Can spatial data accurately locate optimal sites for assisted colonisation?: Identifying suitable habitat for the Western Swamp Tortoise (Pseudemydura umbrina) under a changing climate

Marie Dade

    Research output: ThesisMaster's Thesis

    177 Downloads (Pure)

    Abstract

    Declining rainfall under current climatic trends is reducing the suitability of the current habitat of the Critically Endangered Western Swamp Tortoise (Pseudemydura umbrina) on the Swan Coastal Plain in Western Australia. Assisted colonisation, a conservation translocation of a species to an area outside its current or historical range, has been proposed for this species. To ensure that suitable sites for assisted colonisation are identified, key habitat criteria must be present and the site must possess a suitable hydrological regime under current and future climatic trends. Therefore the aim of this study was to identify a suitable assisted colonisation site for P. umbrina by combining the outputs of hydrological modelling under a median future climate scenario with other habitat criteria, using a multiple criteria analysis.
    Habitat and hydrological criteria were mapped using geographical information systems to create a suitability index highlighting potentially suitable areas for P. umbrina under a median future climate scenario. Eight potentially suitable wetland sites were then selected to conduct ground-truthing for each of the criteria and to subsequently be ranked based on a weighted summation method, with criterion weights calculated using both pairwise comparisons and expert opinion.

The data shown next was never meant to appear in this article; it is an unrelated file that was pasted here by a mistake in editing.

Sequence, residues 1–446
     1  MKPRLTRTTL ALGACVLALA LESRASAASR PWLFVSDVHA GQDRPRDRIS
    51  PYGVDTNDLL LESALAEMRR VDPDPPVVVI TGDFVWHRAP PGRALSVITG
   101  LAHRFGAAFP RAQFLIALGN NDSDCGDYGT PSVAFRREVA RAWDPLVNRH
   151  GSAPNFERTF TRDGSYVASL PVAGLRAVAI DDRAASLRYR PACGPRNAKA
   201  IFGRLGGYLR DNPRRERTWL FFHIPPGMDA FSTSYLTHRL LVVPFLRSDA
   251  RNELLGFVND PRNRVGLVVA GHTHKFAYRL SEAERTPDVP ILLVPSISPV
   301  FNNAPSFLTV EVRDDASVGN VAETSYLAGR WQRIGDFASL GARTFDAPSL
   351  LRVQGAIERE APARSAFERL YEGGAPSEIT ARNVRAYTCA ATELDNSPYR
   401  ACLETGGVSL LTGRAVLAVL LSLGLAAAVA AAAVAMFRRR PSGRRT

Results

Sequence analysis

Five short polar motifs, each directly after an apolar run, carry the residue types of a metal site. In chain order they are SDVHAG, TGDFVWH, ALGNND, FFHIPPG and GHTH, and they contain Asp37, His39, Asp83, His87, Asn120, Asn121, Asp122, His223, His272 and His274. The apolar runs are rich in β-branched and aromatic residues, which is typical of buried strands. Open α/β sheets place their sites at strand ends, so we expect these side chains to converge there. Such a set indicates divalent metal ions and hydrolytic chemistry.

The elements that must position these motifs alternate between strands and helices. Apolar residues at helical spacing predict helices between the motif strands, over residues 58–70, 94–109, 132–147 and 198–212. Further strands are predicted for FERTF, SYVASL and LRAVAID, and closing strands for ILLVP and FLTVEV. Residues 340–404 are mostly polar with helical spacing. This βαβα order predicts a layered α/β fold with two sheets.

This study shows that sites closest to P. umbrina’s current habitat are more suitable than those further away. However, it is recommended that a larger number of criteria and sites are assessed and sampled before a final decision can be made on the optimal assisted colonisation site for P. umbrina. Expert opinion was a highly accurate approach for identifying criterion weights for P. umbrina, however for other species it is recommended that the pairwise comparisons approach be used to reduce the risk of bias. Overall, this study showed suitable sites for assisted colonisation are likely to be within the same biogeographical region as P. umbrina’s current habitat and suggests extensive ground-truthing should be conducted to determine the level of inaccuracy in the spatial data used to identify suitable habitat.
    Original languageEnglish
    QualificationMasters
    Publication statusUnpublished - Oct 2013

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